I was more in a meandering mood.

So I slowed down  

And worked at a more relaxed pace.

Along the way

I ran across a few late summer friends.

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Orb spiders are making there return

After a year’s absence.

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The count in the back is up to 3.

I’m thinking we should name them this year.

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They hang around for quite awhile

So it seems a naming is in order.

And the monarchs are beginning to migrate.

They love the zinnias that are just now coming into their own. 

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A late blooming Hollyhock

Kept a bumblebee happy for some time.

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And all the while

Coco kept watch

Over the garden.

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They joys of simplicity

They are ours for the taking.

Enjoy the week.

Gail

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Filed under Bugs, Butterflies, Dead Heading, Fall, Gardening;Perennials, hollyhocks, Orb Spider, Perennials, Zinnia

A SIMPLE DAY

Yesterday dawned cool and cloudy.

Rain had been predicted for the day

But it didn’t materialize

And so we had a simple Saturday.

DSCN5005

My maiden voyage as a grandmother

Meant that my garden

Was completely ignored

For the last half of August. 

Abandoning my garden for grandchildren

Is a no brainer.

But it does mean that the garden

Is well….overgrown

It needs serious deadheading

As well as a clean sweep of weeding. 

But instead of going head long into the garden

I was more in a meandering mood.

So I slowed down  

And worked at a more relaxed pace.

Along the way

I ran across a few late summer friends.

DSCN5009

Orb spiders are making there return

After a year’s absence.

DSCN5079

The count in the back is up to 3.

I’m thinking we should name them this year.

DSCN5088

They hang around for quite awhile

So it seems a naming is in order.

And the monarchs are beginning to migrate.

They love the zinnias that are just now coming into their own. 

DSCN5097

A late blooming Hollyhock

Kept a bumblebee happy for some time.

DSCN5093

And all the while

Coco kept watch

Over the garden.

DSCN5107

They joys of simplicity

They are ours for the taking.

Enjoy the week.

Gail

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Filed under Bugs, Butterflies, Dead Heading, Fall, Gardening;Perennials, hollyhocks, Orb Spider, Perennials, Zinnia

PUSHING TO THE FRONT OF THE LINE

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There’s a theory when designing a perennial border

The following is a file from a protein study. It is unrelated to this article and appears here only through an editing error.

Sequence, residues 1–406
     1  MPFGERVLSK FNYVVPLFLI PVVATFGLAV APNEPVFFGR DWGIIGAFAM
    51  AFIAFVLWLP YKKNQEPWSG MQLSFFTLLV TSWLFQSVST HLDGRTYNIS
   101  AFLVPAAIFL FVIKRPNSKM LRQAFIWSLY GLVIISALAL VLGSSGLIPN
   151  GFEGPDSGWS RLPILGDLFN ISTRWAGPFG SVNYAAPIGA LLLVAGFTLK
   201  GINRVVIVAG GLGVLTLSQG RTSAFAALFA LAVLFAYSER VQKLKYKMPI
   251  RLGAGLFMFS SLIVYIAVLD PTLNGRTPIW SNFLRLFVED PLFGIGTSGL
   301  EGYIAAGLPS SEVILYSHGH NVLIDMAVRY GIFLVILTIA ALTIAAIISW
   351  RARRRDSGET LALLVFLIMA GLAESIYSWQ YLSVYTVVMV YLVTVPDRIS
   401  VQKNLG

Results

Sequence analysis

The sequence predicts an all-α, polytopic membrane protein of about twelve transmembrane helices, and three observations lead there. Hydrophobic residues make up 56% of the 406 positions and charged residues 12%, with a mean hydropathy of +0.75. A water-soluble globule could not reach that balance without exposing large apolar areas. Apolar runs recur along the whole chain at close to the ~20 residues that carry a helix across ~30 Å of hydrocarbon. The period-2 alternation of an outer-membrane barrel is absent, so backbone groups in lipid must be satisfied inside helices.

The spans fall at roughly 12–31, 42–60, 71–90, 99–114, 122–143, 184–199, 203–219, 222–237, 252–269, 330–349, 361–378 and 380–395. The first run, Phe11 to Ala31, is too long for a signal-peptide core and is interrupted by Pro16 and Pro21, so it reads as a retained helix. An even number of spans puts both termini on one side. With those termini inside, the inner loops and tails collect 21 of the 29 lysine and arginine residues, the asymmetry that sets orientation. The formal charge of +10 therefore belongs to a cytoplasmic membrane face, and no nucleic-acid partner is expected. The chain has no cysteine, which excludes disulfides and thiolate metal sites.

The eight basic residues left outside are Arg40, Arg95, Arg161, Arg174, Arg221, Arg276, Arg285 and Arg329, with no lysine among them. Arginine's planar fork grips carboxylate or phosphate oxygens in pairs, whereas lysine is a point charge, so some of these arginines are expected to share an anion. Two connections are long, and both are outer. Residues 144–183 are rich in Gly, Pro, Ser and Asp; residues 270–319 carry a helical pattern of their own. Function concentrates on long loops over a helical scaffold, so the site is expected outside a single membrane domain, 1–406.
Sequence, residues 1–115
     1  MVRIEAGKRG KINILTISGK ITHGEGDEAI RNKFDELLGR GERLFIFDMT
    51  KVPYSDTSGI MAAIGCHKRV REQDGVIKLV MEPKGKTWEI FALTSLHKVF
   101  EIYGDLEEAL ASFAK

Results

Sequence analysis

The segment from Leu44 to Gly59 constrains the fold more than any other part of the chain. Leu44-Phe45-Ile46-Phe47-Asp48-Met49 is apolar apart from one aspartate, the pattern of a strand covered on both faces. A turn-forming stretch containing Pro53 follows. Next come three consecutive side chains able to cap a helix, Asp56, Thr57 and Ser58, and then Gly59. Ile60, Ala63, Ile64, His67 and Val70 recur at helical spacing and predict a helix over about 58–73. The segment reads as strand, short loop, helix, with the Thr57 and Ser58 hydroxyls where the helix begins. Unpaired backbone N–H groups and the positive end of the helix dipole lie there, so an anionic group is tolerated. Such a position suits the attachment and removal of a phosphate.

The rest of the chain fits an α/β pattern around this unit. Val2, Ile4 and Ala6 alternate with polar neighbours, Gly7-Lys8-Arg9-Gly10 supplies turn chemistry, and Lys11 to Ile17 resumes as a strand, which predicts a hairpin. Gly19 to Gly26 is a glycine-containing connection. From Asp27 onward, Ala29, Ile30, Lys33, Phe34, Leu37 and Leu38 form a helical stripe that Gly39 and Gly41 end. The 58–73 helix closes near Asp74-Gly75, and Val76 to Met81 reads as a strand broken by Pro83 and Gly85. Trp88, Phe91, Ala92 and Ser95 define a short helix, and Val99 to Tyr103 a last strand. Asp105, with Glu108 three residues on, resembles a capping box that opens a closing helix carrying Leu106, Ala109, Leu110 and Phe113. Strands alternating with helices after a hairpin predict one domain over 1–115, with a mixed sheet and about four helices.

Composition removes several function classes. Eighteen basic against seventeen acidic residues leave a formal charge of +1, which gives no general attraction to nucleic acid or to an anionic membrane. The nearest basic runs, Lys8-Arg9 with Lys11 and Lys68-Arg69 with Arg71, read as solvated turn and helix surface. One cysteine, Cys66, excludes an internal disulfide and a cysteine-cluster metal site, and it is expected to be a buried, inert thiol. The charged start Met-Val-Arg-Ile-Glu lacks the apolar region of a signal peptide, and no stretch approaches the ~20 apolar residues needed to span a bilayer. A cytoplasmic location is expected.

That plants should be placed according to their height.

Short in the front

Tall in the back.

Kind of like the order of an elementary class picture.

And orderly it is

Or would be

If everyone stayed put.

But over time

Things seem to move around.

I rely on several self seeding annuals

To fill in between the perennials, flowering shrubs and roses.

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So over the years the number of plants increase

As do the seeds they produce

And the more disorganized it all becomes.

This has been going on for a while now

But this year

It’s as if everyone has run out of patience

And pushed to the front of the line.

Especially my lovely pink Hollyhock.

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The seeds came from Patti when she lived next door.

The number has sadly reduced over the years.

This year I only have one good stand.

Right on the front edge of the garden.

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Tall

Stately

And totally in the wrong place.

Now, in case you don’t know Hollyhocks

They don’t transplant

Because they have a tap-root.

So, where they sprout

Is where they stay.

The other major offender of front to back order

Is Larkspur.

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Lately it seems to want to sprout

Along the edge of every path.

Then it lays down on the path

It has totally covered the Stella d Ora

I thought I was edging my garden in

All those years ago.

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So, exactly how am I to restore “order”

To the front of this border.

Simple

I don’t

I surrender.

My garden has very deep beds

For that reason I’ve made brick paths

To divide it into manageable pieces

Giving me a place to walk

And keeping me from compacting the soil.

But it also gives me a logical path for wondering.

And wondering is something I love to do

Because often I

Wander as I wonder.

Gail

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Filed under Garden Planning, Gardening, Gardening;Perennials, hollyhocks, Larkspur, patience, Seeds, self seeding annuals, Stella d Ora Daylily

PERENNIAL PLACES

At some point early in my gardening days

I decided on a perennial garden.

My memory is it grew out of my desire to have flowers to cut.

My friend Sally passed along some Gloriosa Daisies

The morning the backhoe showed up in her garden.

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I was off to a good start.

Over the ensuing decades I’ve bought,

Been given, planted, nurtured and killed

More plants that I care, or would want to count.

I’ve had two big perennial gardens

With a borrowed temporary garden in between.

Yet, every year this time I’m amazed with what I see

In my own backyard.

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It’s the rhythm of life

Played out in a growing season.

It is life

With all of its surprises and disappointments

Joys and sadness.

This has been a week

That has reminded me